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Leaving my parents

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  • Leaving my parents

    I'm 17 (18 in June) and I live in an abusive home. My parents are always drunk and high and things can get really bad at home. There have been several instances where I've been hit by my dad and every night my mother will come into my room drunk and start yelling at me and calling me worthless. I can't be there anymore and I'm thinking of living with my girlfriend who's in university about 20 hours away. I live in Canada, British Columbia and some things I'm a little worried about is if I will be able to finish my schooling without my parents having to sign or consent to anything. And the other thing is what can my parents do when they find out I've run away. They'll also where I've gone to.
    I'm just all out of options.

  • #2
    RE: Leaving my parents

    Hi there,
    Thanks for contacting the National Runaway Safeline! We’re really glad you reached out and we will try to help you in any way we can.
    It sounds like you have been going through a really horrible situation at home and we’re so sorry to hear that. You don’t deserve to be treated like that by your parents; home should be a loving and supportive environment. Nobody, including you, should ever have to put up with abuse in the home. There are a lot of people out there who care about your well-being and want you to be safe.
    It sounds like you have your girlfriend to go to for support and we are really glad to hear that. Does she or anyone else, such as a friend, relative, or a trusted adult at school, know what’s going on at home? It’s important to have a good support system. We know this sounds kind of intimidating, but you have the option of filing an abuse report against your parents. If you do not want to file one yourself, many school personnel are mandated reporters, meaning if you tell them what is going on they will file a report for you. If you are just kind of confused and concerned about how the process works, Child Help is a good resource. They cannot make a report for you, but they can answer your questions about the process and give general support. They can be reached online at www.childhelp.org or their 24/7 hotline 1-800-422-4453.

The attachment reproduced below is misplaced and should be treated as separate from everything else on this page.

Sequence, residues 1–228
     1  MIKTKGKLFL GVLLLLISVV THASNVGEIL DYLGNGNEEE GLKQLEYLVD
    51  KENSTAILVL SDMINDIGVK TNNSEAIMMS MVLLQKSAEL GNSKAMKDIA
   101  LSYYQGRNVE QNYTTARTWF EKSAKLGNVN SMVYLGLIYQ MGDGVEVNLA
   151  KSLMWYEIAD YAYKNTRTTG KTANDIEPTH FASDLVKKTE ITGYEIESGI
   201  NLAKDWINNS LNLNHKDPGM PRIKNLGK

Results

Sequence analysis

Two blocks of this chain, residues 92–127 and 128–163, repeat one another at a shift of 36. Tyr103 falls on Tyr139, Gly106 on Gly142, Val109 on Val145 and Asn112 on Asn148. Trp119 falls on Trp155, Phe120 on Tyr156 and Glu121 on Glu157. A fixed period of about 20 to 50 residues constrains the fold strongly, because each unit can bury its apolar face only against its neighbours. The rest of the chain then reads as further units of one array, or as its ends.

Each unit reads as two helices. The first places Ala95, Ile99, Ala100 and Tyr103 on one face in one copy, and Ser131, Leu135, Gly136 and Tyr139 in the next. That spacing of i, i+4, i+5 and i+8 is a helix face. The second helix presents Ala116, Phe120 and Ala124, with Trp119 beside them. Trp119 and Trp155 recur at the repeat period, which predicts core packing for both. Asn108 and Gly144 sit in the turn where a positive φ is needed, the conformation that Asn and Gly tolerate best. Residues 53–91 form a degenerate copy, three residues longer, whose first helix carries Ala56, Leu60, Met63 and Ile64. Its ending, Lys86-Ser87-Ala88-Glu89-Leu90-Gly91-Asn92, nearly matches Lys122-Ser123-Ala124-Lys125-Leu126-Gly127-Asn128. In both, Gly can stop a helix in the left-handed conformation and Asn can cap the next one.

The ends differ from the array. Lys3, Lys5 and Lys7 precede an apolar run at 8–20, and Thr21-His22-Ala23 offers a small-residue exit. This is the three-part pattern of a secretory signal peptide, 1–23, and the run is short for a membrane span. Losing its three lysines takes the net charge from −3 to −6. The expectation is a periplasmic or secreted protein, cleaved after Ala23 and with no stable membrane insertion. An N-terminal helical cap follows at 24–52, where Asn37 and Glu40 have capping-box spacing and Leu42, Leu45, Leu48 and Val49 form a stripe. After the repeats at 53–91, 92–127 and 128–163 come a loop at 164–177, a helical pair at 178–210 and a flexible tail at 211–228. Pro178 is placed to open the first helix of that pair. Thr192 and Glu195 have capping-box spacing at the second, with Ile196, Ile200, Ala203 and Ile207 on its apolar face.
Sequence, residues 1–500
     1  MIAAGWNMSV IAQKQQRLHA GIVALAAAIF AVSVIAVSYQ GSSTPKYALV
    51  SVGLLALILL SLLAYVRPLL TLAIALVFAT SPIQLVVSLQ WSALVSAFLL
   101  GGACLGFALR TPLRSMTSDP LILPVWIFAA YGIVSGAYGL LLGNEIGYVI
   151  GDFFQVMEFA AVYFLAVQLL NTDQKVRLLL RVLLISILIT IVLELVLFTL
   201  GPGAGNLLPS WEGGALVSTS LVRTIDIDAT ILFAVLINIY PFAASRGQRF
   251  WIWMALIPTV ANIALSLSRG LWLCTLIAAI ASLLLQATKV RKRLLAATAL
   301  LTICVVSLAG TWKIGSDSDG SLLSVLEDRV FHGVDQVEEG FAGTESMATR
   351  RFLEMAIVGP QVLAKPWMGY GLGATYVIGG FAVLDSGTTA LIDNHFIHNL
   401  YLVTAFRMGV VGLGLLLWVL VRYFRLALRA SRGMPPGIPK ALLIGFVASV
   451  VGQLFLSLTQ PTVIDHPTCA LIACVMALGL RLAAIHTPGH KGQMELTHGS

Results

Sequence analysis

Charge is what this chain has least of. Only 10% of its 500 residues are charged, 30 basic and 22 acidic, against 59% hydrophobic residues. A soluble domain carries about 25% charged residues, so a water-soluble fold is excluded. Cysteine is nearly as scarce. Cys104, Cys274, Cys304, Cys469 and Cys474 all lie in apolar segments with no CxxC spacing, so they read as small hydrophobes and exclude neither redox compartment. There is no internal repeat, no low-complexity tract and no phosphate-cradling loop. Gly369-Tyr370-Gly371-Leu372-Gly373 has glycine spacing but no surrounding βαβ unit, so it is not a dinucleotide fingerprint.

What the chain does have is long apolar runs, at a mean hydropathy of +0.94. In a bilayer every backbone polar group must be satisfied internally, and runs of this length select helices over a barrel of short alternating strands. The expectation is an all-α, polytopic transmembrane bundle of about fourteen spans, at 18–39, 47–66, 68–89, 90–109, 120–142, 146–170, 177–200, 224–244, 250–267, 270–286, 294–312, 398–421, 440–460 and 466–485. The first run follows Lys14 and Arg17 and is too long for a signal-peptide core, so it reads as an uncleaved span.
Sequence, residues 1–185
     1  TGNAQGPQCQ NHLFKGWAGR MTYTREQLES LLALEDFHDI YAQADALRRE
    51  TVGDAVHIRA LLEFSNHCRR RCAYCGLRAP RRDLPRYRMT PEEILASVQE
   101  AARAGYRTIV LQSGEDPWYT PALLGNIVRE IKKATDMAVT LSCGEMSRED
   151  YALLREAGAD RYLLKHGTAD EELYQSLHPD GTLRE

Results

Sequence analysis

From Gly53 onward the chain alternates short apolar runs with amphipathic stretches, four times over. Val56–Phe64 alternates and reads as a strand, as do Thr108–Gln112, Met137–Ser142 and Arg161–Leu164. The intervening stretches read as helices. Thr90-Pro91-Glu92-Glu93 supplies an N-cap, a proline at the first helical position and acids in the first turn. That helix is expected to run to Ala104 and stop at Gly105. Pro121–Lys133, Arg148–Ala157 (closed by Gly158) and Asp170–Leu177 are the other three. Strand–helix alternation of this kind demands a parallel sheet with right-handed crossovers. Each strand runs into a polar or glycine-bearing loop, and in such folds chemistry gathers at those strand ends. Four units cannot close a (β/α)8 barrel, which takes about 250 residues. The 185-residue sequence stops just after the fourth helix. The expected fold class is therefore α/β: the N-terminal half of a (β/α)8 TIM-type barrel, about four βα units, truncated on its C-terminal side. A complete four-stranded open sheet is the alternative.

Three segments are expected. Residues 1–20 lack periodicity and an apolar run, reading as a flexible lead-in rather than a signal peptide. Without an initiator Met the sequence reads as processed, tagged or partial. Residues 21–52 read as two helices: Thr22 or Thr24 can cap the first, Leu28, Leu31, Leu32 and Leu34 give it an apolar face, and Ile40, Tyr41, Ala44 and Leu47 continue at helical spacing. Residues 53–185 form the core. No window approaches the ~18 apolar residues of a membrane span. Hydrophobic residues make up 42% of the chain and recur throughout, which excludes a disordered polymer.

In regards to running away, you’re very smart to think ahead to possible consequences such as not being able to finish school or your parents finding you, as those are both definitely important concerns to have. We are not legal experts here, and unfortunately are not familiar with how running away is dealt with in Canada, however Kids Help Phone looks like it is a helpful resource that would most likely be able to answer your legal questions a little more specifically. Their website is www.kidshelpphone.ca and the number to their 24/7 hotline is 1-800-668-6868.
    Thanks again for reaching out to us at the National Runaway Safeline. Again, we are very sorry about the abuse you are experiencing and hope these resources are helpful to you. Feel free to reach out to us again via chat at 1800RUNAWAY.org or our hotline at 1-800-786-2929. Keep your head up, we look forward to hearing from you and wish you the best of luck.
    Best,
    NRS
    Please remember you can reach us directly by calling our 24 hour hotline, 1-800-RUNAWAY (786-2929) or through our Live Chat.

    National Runaway Safeline
    [email protected] (Crisis Email)
    1-800-RUNAWAY (24 Hour Hotline)

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